Shoe People was a departure for Gremlin. They wanted to branch out into Educational Games and launched the “First Class” label for this purpose. Disappointing sales meant it was there one and only foray into Educational software. One of the problems was the game came on two disks which pushed up production costs.
Martin Fowler was the lead developer on the Amiga and ST version with Tony Reeves heading the conversions to 8-bit home computers. Phil Rankin ported the PC version, and Damian Hibbard contributed with printer routines for the Amiga.
Martin Fowler recalls the development, “Close to the end of development I was asked if I can could fit it onto one disk. The size had grown dramatically mostly down to the big and colourful animations. I explained that it was tight on two discs despite using a very efficient compression algorithm written, so I was told, by Fungus The Bogeyman. I offered to try but explained that it would require fundamental change that would push release back at least two months with no guarantees at the end. Development had already taken longer than anticipated and reviews etc were booked so the plan was abandoned. Perhaps they might have chanced a second product if the two disc production costs hadn’t been so high. I worked for Eurporess on Fun School 6 after I finished university. Europress had specialised in Educational games for quite a while. When I saw Fun School 4, the comtemporary release to Shoe People, I thought the Shoe People was a superior product.”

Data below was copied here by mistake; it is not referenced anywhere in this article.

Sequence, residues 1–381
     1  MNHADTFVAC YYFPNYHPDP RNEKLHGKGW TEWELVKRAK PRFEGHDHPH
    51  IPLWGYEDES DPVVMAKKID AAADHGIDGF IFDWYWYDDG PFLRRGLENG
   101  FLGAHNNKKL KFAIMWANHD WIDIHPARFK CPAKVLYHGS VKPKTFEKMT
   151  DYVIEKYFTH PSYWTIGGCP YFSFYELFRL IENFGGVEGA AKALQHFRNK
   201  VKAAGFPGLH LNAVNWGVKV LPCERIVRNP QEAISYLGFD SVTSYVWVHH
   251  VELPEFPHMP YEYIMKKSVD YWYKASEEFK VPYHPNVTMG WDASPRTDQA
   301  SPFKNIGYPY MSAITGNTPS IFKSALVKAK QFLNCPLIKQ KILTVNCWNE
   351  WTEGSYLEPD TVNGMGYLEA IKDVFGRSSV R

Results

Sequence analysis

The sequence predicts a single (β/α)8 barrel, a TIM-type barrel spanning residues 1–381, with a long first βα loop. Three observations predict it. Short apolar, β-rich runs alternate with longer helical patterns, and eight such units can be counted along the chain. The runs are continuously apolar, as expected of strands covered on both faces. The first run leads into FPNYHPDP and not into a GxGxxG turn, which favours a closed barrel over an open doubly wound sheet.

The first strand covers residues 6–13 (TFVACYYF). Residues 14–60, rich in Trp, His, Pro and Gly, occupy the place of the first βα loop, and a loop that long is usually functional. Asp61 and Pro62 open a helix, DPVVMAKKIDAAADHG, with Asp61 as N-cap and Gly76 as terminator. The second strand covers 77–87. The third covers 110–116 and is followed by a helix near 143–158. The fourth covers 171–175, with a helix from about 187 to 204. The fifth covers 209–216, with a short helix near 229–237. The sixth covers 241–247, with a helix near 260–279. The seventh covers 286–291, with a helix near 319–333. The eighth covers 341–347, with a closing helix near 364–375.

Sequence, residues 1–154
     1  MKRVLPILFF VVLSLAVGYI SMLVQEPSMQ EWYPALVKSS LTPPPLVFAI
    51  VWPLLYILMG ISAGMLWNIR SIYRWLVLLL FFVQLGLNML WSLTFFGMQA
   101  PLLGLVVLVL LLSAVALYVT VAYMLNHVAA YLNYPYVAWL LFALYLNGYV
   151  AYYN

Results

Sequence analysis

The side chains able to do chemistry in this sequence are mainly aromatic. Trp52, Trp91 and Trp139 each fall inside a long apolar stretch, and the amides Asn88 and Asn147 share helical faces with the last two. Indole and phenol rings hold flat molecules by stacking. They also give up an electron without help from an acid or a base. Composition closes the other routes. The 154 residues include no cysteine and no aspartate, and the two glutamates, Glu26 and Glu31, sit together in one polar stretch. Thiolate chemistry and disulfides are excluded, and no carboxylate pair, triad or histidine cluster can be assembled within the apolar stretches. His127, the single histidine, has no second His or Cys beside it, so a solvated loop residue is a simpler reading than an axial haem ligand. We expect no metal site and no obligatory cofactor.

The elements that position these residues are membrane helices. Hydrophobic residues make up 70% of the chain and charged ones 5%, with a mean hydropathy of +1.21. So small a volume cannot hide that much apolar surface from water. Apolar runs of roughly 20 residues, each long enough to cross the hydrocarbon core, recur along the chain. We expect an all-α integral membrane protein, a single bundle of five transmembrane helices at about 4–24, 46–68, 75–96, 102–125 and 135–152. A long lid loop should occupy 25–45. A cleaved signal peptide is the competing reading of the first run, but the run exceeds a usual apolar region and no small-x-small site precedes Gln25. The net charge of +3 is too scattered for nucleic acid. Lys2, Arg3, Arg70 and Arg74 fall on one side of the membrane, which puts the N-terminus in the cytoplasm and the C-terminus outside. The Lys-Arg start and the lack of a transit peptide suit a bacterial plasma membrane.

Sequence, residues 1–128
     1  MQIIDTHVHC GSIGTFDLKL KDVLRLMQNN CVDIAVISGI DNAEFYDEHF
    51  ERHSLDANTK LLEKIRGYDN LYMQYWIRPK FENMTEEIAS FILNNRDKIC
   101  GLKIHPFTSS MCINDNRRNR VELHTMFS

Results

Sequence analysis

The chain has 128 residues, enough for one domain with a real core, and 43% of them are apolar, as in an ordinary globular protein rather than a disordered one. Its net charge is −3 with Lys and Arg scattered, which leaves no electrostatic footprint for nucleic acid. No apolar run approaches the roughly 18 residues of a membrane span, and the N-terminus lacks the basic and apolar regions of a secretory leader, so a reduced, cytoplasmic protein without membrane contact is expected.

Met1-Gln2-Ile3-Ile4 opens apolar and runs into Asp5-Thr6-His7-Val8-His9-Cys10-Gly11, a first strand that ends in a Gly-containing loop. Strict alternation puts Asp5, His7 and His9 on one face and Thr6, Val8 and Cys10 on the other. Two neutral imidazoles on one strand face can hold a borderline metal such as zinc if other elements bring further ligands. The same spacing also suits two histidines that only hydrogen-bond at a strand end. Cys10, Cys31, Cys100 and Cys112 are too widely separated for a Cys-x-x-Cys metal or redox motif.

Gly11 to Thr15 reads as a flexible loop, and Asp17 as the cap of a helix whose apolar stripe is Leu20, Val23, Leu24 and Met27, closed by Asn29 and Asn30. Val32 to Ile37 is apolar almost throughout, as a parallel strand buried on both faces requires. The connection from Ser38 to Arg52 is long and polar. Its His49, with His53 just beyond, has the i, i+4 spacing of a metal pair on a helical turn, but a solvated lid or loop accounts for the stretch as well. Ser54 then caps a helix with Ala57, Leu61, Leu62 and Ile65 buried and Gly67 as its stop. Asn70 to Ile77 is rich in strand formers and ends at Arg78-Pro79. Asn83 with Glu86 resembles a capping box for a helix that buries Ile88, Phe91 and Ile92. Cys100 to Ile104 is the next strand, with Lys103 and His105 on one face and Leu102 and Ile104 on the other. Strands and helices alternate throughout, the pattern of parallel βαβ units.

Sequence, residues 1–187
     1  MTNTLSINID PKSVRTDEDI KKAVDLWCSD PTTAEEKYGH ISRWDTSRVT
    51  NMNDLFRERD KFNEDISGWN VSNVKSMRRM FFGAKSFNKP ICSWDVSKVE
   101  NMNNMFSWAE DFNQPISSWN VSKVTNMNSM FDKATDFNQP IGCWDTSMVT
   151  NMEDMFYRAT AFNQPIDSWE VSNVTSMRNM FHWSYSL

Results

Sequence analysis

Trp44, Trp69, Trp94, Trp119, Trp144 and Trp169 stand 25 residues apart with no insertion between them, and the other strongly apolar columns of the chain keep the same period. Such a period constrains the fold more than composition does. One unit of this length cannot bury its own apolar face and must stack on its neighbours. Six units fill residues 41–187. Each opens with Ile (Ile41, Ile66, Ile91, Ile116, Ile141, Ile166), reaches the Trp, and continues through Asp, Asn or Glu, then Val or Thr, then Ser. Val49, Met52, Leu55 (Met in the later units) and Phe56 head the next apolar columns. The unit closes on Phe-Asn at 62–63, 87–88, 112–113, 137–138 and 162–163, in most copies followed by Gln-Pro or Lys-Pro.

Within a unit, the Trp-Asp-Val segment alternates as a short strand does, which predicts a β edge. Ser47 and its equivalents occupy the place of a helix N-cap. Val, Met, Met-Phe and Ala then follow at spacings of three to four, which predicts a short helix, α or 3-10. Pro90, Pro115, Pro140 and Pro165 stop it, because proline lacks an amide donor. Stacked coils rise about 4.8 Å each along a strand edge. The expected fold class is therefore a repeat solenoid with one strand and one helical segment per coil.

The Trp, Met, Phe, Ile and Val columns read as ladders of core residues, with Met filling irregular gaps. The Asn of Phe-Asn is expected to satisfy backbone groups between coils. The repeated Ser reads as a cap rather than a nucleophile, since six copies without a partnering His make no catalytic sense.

The slides are from Martin’s own collection of promotional images that were used to promote the game.
The “Daddy” picture was drawn by Tony Reeves; the programmer of all the 8-bit versions.